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Over the last 26 years I’ve taught thousands and thousands of people – all ages, all shapes and sizes and all skill levels from beginner to professional.  Each category has its challenges and its rewards but I have to admit it is exhilarating to see young, blossoming talent – and it’s exciting to see that talent result in victory at the highest level, as it did last Sunday for Cheshire girl Bronte Law.

Bronte won the Pure Silk Championship in Williamsburg, Virginia, by two shots from a trio of international talent, Madelene Sagstrom of Sweden, Brooke Henderson of Canada and Nasa Hataoka of Japan.  That success was all the sweeter coming as it did just three weeks after a play-off loss in California, which was only possible because Bronte made up a 10-shot deficit with a thundering final round of 65.  Those two performances alone netted her prize money of almost $340,000 and have catapulted her some 20 places up the world rankings to 24th.

Playing the last at Royal Lytham in the 2018 Women’s British Open. [Photo courtesy of Tristan Jones, LET.]

So, could I foresee this success when Bronte pitched up to the Cheshire County squad training with me a decade or so ago?  Honestly?  Absolutely not.  I’m not sure I ever believe a coach who says they always knew a particular kid was going to make it.  Yes, we can look at the talent and the technical skill of the young person but it takes years and years and years of inching forward, improving in every department and a relentless commitment to hard work and positivity to be able to compete, and ultimately win, on the hardest tour in the world.  How can you possibly know if the young 13 or 14 year old in front of you will have that sort of resolve?  Or even opportunity.

I remember one exercise I did with the squad in Bronte’s day.  I asked the girls to hit a shot with a club they didn’t think was suited to the job.  For example, it may have been trying to get out of a greenside bunker with an 8-iron or hitting to a target that was a 7-iron distance away with a 4 or 5-iron.  Bronte wasn’t impressed.  She couldn’t understand why you would bother with any of that nonsense when you had a perfectly good club for the task.  She was feisty and a little rebellious and she hated not being able to do what I’d asked.  Her immediate reaction was to be dismissive of it – it was pointless.  However, at the next session it was only Bronte, out of them all, who had gone away, explored, learned and advanced emotionally and technically.  That has stuck with me as I’ve followed her career.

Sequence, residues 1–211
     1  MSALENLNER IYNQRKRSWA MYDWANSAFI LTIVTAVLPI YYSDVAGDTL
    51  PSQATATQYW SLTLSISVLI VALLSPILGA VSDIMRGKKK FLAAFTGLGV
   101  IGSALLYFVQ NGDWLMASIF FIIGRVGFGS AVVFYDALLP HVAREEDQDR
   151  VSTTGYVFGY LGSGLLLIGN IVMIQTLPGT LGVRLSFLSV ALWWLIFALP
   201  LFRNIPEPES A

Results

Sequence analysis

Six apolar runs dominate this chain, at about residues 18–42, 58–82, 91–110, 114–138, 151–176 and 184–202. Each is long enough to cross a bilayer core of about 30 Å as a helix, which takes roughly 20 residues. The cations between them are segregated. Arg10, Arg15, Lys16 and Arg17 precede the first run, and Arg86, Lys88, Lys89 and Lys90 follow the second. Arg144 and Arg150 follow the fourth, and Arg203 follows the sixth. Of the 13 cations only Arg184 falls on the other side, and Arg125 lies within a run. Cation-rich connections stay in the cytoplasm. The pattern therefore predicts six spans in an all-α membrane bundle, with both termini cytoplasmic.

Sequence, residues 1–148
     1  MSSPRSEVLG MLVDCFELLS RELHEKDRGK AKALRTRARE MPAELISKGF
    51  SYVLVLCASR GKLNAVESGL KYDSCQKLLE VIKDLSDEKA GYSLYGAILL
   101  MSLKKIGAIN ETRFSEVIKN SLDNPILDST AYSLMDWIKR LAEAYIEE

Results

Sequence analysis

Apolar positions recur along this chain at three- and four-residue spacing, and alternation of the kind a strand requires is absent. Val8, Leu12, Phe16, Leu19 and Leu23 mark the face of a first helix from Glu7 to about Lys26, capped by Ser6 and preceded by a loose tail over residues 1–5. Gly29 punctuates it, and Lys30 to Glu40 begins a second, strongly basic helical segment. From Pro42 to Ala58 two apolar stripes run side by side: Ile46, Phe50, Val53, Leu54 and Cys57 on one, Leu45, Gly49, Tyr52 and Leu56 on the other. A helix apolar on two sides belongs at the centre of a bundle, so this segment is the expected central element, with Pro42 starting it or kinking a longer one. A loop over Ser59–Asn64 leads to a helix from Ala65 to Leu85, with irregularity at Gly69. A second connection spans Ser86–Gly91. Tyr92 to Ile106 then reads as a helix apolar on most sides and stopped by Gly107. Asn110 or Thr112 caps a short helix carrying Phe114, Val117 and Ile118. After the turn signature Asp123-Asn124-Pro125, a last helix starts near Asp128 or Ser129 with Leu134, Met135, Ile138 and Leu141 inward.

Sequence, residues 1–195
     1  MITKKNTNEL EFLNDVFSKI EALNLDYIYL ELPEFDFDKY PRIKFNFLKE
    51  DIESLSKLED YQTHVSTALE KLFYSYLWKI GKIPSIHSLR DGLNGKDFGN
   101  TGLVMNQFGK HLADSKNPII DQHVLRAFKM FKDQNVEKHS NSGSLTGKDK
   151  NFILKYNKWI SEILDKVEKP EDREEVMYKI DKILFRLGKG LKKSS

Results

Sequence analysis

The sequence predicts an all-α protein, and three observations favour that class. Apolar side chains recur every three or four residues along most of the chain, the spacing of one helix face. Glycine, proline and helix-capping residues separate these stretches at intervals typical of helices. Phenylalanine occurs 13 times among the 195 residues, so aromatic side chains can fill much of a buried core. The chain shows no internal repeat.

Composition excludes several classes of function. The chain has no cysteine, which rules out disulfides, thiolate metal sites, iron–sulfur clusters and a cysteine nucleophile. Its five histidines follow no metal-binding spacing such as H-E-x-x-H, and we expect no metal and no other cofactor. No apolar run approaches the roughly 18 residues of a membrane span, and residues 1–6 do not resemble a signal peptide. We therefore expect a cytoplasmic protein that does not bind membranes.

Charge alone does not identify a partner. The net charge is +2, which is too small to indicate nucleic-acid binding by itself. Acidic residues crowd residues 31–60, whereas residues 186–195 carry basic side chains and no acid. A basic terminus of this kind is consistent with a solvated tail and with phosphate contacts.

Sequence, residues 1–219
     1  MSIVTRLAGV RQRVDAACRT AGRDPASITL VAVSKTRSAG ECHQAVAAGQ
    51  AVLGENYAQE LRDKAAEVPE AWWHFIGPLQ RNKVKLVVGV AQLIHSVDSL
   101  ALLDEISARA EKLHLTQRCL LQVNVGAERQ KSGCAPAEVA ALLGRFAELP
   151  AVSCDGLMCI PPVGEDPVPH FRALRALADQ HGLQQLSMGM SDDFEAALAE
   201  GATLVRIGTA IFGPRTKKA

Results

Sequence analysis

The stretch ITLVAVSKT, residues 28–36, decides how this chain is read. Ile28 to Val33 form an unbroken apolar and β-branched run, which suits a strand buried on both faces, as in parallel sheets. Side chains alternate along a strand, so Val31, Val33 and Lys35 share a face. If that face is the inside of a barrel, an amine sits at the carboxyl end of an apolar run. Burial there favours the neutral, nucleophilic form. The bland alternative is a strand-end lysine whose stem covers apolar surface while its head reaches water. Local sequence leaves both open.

And what a career it’s turning out to be.  With constant and unwavering family support she hoovered up a couple of English amateur titles as well as a record seven wins playing college golf in the States for UCLA.  This resulted in her winning the coveted ANNIKA award for the best collegiate golfer in 2016, the same year she won a maximum five points out of five in her third Curtis Cup appearance, the first player from GB&I to do so.  At the end of that year Bronte procured playing rights on the LPGA and launched her professional career in 2017.  At the end of 2018 she blitzed the field at the Ladies’ European Tour qualifying school setting records right, left and centre.  Her winning five round total of 26 under par was a new record, as was the run of nine consecutive birdies in a third round of 62.

Bronte wins the LET qualifying school in record-breaking style. [Photo courtesy of Tristan Jones, LET.]

Now she has her first LPGA win and her immediate reaction after holing the winning putt was to walk to the side of the green, on her own, away from the applauding galleries.  She just took a moment to let it sink in before turning to receive the plaudits from her caddy and fellow players.  Her winner’s interview was measured and thoughtful.

“This is something I’ve dreamed of since I was a little kid,” she said.  There was a humility there, too, as she added, “I have a long way to go in terms of where I want to be.”

Bronte – and the moment she had always dreamed of:  the winning putt has been safely holed. [Photo courtesy of Bronte’s Twitter account.]

Her goals and expectations of herself are very high and she may well tick another achievement off this year’s list with a Solheim Cup place on Catriona Matthew’s team at Gleneagles in September.  Certainly Catriona has been watching.

“Bronte has been in my thoughts for well over a year and has been doing really well on the LPGA recently with the second place and then the win at Kingsmill. She had a great amateur career in match play, winning all her games at the Curtis Cup [in 2016].  She obviously can’t qualify as she won’t have played her eight events, so she’ll need a pick, but yes, she’s very much in my thoughts. She would be a great addition to the team – she’s feisty and great in match play which is what you want.”

So no, I don’t think you can tell at 13 or 14 years of age if a young player has what it takes to fulfill those childhood dreams.  It’s not the shots they hit, nor the swing that’s important.  It’s all the stuff you can’t see and has yet to mature that really counts.  The heart, the resolve, the tenacity, the space between the ears, the love of a game that will batter you down and the ability to keep getting up off the canvas – those are the things that ultimately matter.  Those are the qualities that Bronte possesses.

The sky’s the limit – and I don’t think it’ll be a dull ride.

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